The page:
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Legal community remembers longtime judge

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On Sept. 17, hundreds of people gathered at the Jackson County Courthouse in Brownstown to celebrate the life of Judge Robert R. Brown, who died Sept. 12. Judge Brown, who was 78, retired as Jackson Circuit judge in 1999 after 28 years on the bench.

In 1999, Judge William Vance was appointed as Jackson Circuit judge. He recalled that his predecessor was known for his outstanding character.

“The one comment that you’ll find more and more is that he really was a gentleman,” Judge Vance said. “He was quiet, he was respectful – I don’t know of any judge who respected litigators and litigants more.”

Indiana Supreme Court Justice Steven David recalled that when he was a young lawyer, he tried his first case in Judge Brown’s court.
 

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“I was prepared but extremely nervous,” Justice David said. “He easily recognized my nervousness and calmed me down. I will never forget that. I appeared before him on several occasions thereafter. I am not sure I ever ‘won’ any of my cases before him, but he was the consummate judge.”

Justice David said that Judge Brown was a mentor to young lawyers.

“When I was elected judge of the Boone Circuit Court, he was one of the first sitting judges to send me a congratulatory note,” Justice David said. “The many, many years that he served the citizens of Jackson County are indicative of the great man that he was.”

Jennings Circuit Judge Jon Webster also recalled Judge Brown’s importance to young lawyers.

“When I began practicing in 1982 and up until I took office in 1987, I tried many cases in front of Judge Brown, and he was always … very patient, and that meant a lot to me,” Judge Webster said. “More importantly, when I took office in 1987, he took me and many other young judges under his wing, treated us as equals, and was always a mentor. He was a very down-to-earth guy.”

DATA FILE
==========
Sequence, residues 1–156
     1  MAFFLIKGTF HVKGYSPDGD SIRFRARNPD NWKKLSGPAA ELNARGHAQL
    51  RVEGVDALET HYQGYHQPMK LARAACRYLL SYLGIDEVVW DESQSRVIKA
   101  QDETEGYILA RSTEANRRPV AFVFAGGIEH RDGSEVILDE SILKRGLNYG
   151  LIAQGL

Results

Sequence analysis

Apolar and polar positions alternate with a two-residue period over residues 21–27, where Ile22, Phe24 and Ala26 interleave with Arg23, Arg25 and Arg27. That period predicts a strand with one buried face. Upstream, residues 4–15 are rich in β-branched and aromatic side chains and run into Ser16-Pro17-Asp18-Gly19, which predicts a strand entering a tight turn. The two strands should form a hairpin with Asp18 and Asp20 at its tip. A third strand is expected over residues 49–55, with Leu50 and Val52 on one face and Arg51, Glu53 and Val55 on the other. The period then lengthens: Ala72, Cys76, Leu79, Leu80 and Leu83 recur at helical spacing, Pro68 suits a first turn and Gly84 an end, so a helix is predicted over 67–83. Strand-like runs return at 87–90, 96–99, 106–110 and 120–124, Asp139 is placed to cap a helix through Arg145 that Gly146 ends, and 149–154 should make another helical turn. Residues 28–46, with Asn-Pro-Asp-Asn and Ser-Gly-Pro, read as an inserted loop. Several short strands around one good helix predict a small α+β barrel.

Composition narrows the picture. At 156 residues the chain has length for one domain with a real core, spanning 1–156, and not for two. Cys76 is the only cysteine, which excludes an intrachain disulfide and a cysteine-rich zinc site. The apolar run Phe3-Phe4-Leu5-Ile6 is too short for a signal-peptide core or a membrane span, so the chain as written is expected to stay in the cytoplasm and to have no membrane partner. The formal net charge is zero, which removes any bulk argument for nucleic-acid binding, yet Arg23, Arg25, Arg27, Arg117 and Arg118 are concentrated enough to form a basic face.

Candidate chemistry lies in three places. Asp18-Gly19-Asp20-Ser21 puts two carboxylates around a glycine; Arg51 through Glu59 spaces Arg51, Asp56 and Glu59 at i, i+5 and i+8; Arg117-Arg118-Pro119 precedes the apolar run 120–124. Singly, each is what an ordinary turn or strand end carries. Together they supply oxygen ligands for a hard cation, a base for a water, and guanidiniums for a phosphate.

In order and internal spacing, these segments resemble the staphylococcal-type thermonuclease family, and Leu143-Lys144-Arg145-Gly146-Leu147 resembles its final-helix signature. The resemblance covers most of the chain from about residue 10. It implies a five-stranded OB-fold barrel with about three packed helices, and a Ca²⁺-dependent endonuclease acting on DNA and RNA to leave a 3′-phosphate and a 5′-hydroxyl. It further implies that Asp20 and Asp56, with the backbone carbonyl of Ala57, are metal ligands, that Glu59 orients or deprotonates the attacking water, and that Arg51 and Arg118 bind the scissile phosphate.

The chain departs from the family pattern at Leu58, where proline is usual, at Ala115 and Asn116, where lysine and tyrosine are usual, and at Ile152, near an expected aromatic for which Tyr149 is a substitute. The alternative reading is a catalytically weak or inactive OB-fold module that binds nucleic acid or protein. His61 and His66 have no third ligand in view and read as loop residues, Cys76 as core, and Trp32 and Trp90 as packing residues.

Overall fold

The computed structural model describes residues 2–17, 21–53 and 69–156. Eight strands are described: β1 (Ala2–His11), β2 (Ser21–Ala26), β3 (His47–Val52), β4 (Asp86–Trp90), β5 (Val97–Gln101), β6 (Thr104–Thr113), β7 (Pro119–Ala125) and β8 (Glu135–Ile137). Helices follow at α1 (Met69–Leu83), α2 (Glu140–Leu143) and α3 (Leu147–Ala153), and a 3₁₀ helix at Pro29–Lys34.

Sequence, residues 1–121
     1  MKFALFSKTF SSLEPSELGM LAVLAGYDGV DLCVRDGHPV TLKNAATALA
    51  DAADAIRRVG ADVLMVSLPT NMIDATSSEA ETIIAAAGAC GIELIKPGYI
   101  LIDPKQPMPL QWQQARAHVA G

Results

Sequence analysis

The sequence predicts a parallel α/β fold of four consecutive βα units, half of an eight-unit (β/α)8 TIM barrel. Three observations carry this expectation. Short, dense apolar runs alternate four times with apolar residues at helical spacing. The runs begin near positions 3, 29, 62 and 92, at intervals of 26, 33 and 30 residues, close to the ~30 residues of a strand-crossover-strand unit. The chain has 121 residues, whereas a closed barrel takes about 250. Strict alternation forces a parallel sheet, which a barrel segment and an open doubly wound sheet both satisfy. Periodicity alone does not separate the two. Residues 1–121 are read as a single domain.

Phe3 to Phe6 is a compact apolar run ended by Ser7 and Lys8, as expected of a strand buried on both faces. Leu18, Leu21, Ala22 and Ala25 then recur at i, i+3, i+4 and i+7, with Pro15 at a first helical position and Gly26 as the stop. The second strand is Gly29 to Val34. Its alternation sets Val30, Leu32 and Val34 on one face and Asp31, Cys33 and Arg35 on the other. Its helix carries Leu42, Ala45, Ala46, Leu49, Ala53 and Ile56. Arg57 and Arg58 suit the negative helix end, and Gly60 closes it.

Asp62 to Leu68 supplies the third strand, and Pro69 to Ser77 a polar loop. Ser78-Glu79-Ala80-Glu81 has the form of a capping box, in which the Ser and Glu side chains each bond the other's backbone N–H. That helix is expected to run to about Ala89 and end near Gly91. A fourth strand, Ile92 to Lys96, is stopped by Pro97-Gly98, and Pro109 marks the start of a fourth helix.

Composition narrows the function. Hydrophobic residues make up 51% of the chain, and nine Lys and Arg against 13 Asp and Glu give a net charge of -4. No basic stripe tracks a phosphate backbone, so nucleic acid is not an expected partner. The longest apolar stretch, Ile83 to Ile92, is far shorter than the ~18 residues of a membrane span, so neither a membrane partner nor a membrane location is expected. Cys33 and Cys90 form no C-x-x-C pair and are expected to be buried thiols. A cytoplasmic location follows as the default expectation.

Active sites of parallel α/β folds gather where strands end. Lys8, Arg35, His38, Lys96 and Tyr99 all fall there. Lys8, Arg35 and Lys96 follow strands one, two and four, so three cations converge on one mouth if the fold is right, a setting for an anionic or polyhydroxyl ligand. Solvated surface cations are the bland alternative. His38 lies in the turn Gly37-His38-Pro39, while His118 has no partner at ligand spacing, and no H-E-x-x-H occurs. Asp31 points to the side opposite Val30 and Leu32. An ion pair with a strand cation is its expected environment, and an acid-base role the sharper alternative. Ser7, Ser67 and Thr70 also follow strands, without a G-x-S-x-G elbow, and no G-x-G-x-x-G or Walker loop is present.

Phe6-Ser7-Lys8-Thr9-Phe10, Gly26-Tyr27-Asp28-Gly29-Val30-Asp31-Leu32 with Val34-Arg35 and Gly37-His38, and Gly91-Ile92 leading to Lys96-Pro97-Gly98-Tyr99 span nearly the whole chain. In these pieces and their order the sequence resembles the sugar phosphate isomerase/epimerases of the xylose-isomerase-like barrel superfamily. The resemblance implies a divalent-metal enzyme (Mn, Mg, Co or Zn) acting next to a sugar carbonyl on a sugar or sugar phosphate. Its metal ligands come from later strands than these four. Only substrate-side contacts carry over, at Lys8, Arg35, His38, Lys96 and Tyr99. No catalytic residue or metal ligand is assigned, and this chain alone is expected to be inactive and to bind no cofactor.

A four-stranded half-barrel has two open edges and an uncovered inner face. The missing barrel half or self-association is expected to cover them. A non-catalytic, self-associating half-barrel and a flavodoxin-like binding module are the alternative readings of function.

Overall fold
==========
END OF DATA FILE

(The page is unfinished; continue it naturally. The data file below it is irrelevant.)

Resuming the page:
After Judge Brown retired from the bench, he served as a senior judge and certified mediator throughout southern Indiana and joined the Seymour law firm of Montgomery Elsner & Pardieck, where he successfully mediated more than 500 cases.

Judge Brown had been president of the Indiana Judges Association, a member of the Indiana Supreme Court Rules Committee, and a hearing officer of the Indiana Supreme Court Disciplinary Commission. He also served as counsel to the Democratic caucus of the Indiana House of Representatives, where he drafted Indiana’s Horizontal Property Regime (Condominium) law. Judge Brown was the founder of the Jackson County Juvenile Group Home, which since 1979 has provided an alternative to jail or institutionalization for juvenile offenders.

Judge Brown was born in Whiteland and graduated from Franklin College, where he was the president of Sigma Alpha Epsilon. He was a U.S. Army veteran and earned his law degree in 1963 from Indiana University School of Law – Indianapolis.